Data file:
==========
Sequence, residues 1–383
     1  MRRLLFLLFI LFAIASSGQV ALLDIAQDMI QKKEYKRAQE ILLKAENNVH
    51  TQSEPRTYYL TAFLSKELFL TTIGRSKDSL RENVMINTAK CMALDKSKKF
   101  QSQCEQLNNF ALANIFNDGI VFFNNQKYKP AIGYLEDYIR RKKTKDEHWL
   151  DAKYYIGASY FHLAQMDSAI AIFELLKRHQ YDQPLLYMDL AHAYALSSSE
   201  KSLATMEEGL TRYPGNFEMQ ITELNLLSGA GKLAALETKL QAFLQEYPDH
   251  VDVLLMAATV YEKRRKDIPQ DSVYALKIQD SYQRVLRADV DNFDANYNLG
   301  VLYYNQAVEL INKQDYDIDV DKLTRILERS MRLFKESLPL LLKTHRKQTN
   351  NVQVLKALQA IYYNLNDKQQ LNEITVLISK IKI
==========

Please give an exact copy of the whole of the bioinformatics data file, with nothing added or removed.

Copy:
Sequence, residues 1–383
     1  MRRLLFLLFI LFAIASSGQV ALLDIAQDMI QKKEYKRAQE ILLKAENNVH
    51  TQSEPRTYYL TAFLSKELFL TTIGRSKDSL RENVMINTAK CMALDKSKKF
   101  QSQCEQLNNF ALANIFNDGI VFFNNQKYKP AIGYLEDYIR RKKTKDEHWL
   151  DAKYYIGASY FHLAQMDSAI AIFELLKRHQ YDQPLLYMDL AHAYALSSSE
   201  KSLATMEEGL TRYPGNFEMQ ITELNLLSGA GKLAALETKL QAFLQEYPDH
   251  VDVLLMAATV YEKRRKDIPQ DSVYALKIQD SYQRVLRADV DNFDANYNLG
   301  VLYYNQAVEL INKQDYDIDV DKLTRILERS MRLFKESLPL LLKTHRKQTN
   351  NVQVLKALQA IYYNLNDKQQ LNEITVLISK IKI